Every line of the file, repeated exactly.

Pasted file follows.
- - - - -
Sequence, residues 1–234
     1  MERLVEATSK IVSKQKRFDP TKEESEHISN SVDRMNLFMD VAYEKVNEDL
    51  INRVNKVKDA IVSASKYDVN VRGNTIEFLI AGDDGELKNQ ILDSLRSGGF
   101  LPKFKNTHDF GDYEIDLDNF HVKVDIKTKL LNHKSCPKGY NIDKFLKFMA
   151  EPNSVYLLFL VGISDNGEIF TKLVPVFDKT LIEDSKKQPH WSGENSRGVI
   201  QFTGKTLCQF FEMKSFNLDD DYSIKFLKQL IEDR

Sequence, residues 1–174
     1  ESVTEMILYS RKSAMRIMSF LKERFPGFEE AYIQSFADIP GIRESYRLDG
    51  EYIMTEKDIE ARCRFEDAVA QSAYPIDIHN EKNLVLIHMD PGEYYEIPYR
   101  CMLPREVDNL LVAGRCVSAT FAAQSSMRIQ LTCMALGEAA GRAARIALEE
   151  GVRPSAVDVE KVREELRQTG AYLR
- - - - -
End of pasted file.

Sequence, residues 1–234
     1  MERLVEATSK IVSKQKRFDP TKEESEHISN SVDRMNLFMD VAYEKVNEDL
    51  INRVNKVKDA IVSASKYDVN VRGNTIEFLI AGDDGELKNQ ILDSLRSGGF
   101  LPKFKNTHDF GDYEIDLDNF HVKVDIKTKL LNHKSCPKGY NIDKFLKFMA
   151  EPNSVYLLFL VGISDNGEIF TKLVPVFDKT LIEDSKKQPH WSGENSRGVI
   201  QFTGKTLCQF FEMKSFNLDD DYSIKFLKQL IEDR

Sequence, residues 1–174
     1  ESVTEMILYS RKSAMRIMSF LKERFPGFEE AYIQSFADIP GIRESYRLDG
    51  EYIMTEKDIE ARCRFEDAVA QSAYPIDIHN EKNLVLIHMD PGEYYEIPYR
   101  CMLPREVDNL LVAGRCVSAT FAAQSSMRIQ LTCMALGEAA GRAARIALEE
   151  GVRPSAVDVE KVREELRQTG AYLR